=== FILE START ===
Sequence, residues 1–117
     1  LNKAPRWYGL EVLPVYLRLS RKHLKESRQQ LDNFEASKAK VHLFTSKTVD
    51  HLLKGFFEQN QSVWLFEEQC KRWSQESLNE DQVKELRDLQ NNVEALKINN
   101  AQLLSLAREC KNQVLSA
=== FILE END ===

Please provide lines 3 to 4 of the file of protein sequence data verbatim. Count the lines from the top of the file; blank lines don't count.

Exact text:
    51  HLLKGFFEQN QSVWLFEEQC KRWSQESLNE DQVKELRDLQ NNVEALKINN
   101  AQLLSLAREC KNQVLSA